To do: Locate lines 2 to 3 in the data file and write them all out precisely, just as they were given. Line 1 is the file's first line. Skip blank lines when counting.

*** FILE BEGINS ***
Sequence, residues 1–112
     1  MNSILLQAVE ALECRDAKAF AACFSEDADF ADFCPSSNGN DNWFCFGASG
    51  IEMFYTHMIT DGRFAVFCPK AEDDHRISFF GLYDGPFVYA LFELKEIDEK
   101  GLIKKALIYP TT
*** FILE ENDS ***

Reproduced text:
     1  MNSILLQAVE ALECRDAKAF AACFSEDADF ADFCPSSNGN DNWFCFGASG
    51  IEMFYTHMIT DGRFAVFCPK AEDDHRISFF GLYDGPFVYA LFELKEIDEK